When it comes to defining new reliability strategies, there can be confusion and even heated debate about whether it’s best to standardize using content libraries or adopt a custom approach.

We explain why the ideal approach lies somewhere in the middle, and also share how standardization becomes more important when it comes to grouping tasks. 

Reliability resources are limited and so when it comes to reviewing, defining or optimizing reliability strategies, libraries or templates can deliver important efficiencies. The only problem is that the content of libraries or templates is generic and must be modified for specific assets.

As an example, someone may argue that “a conveyor is a conveyor, is a conveyor” and while it is true that most will have similar components, there will be variations and also operational context differences. These variations need to be accounted for in the organization’s reliability strategies. So, changes are made, and typically the new content becomes disconnected from the library content and any future efficiency is lost. 

Libraries and templates as building blocks 

What’s required to mitigate this problem is a digitally connected dataset, with generic content used as the building blocks. Modifications should then be allowed at a local level to represent specific assets and operating context. In Asset Strategy Management (ASM) these are referred to as “baseline strategies” and “local variations”.

When this is done, it is also important that customizations are only allowed when they add value to the strategy. For example, a change in failure rate, duration or task interval could be considered a legitimate customization. A change to the way a task description is worded would be considered an unproductive change.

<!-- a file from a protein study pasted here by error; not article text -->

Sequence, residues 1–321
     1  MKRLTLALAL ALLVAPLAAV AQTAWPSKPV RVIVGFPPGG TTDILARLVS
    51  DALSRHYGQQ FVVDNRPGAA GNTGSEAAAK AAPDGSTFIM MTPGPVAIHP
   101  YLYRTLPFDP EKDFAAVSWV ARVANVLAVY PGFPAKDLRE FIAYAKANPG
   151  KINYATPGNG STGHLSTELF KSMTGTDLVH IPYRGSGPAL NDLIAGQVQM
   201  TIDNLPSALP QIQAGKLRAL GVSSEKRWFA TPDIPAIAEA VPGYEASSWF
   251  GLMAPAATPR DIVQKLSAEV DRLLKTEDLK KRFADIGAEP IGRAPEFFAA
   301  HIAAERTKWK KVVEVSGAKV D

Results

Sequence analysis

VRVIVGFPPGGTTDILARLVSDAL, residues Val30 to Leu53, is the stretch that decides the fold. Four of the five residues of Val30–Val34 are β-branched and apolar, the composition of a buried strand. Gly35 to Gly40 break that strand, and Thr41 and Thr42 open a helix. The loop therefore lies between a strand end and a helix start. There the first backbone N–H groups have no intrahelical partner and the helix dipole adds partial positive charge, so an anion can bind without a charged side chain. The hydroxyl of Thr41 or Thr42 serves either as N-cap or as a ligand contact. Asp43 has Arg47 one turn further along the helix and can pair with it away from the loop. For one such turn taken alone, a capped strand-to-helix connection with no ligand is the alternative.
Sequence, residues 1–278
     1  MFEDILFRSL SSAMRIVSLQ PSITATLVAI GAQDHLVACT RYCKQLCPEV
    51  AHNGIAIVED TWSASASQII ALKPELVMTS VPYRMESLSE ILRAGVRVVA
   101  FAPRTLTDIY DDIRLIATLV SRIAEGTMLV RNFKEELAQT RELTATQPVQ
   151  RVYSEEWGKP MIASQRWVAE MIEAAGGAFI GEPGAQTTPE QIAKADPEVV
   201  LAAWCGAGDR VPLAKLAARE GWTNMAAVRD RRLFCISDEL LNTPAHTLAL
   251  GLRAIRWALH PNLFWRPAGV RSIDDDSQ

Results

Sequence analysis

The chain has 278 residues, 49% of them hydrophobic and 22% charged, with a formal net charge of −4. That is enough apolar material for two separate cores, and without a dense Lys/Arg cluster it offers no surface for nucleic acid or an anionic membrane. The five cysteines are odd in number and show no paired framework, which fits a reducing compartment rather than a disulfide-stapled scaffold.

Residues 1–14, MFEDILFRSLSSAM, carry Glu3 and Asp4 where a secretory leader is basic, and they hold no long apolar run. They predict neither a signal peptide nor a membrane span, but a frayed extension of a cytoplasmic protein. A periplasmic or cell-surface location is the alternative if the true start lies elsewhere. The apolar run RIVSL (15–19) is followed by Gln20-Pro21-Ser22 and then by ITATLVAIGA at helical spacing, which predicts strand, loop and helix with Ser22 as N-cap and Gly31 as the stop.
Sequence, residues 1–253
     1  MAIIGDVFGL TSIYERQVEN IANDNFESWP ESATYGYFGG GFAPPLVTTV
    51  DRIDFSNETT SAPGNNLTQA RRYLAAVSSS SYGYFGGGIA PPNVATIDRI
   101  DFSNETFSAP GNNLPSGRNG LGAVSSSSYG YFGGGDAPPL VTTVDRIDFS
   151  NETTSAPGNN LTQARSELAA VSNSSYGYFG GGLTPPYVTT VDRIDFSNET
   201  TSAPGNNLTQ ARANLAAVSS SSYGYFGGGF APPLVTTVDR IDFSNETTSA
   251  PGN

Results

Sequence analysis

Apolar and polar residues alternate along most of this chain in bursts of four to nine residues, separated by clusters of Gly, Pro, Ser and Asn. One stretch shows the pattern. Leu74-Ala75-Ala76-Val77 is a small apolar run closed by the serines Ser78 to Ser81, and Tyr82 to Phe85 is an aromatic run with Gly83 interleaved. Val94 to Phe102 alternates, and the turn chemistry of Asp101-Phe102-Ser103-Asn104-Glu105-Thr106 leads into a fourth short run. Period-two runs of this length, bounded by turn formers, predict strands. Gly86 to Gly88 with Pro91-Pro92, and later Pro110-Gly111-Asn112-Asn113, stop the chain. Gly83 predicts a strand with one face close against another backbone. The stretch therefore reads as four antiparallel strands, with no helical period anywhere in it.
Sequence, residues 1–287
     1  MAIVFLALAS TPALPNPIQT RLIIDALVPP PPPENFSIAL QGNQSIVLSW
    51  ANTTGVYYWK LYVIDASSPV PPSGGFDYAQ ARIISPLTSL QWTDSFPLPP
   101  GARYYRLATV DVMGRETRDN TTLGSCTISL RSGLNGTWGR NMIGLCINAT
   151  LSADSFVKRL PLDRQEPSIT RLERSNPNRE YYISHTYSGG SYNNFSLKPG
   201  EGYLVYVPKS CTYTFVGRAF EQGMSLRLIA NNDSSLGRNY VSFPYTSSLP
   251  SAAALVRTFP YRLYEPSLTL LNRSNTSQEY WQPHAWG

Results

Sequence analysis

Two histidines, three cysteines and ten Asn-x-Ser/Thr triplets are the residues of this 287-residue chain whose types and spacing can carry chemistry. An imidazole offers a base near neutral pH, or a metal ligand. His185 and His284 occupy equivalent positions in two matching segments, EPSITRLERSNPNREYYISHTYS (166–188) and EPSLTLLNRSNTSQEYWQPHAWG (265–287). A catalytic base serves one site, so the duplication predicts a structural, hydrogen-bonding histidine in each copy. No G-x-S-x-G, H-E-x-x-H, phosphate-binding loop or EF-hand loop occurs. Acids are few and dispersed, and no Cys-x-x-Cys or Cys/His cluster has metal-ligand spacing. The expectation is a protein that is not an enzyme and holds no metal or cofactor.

The benefit of all this? One baseline strategy is maintained for all instances of an asset type. Local variations are allowed based on specific asset requirements, but at any point in the future, a global change to the baseline can be pushed, instantaneously, across an entire asset base.

Local variations made by a particular site or team can also be reviewed and incorporated into the baseline strategy for deployment on all like components – driving a learning, evolving, intelligent reliability strategy that continually improves across all assets.

Tackling task grouping

Once your reliability strategies have been defined, they need to be grouped into maintenance plans and task lists or operations. If this grouping is done manually the outputs are based on the individuals completing the grouping exercise. This then leads to inconsistently structured Master Data, particularly across different areas or sites when the grouping is done by different resources. In fact, even using the same resource can result in inconsistencies as they modify their grouping philosophy for different requirements.

Technology can help to standardize the approach to task grouping using rules to dictate how a list of tasks on given assets are grouped into the agreed Master Data structure.

While there is some investment in time to determine and implement the rules, once complete, each task grouping exercise can be programmatically executed so that compliant, consistent Master Data can be generated with the click of a button. 

This rule-based task grouping can fundamentally change the way maintenance is managed and allow for easier comparisons across site and rapid updating of Master Data in the future. 

Complete Guide to Asset Strategy Management

Is your reliability program living up to its true potential? If it's your job to develop and deploy reliability strategies to maintain healthy assets at the lowest cost to your business - this is an essential guide.

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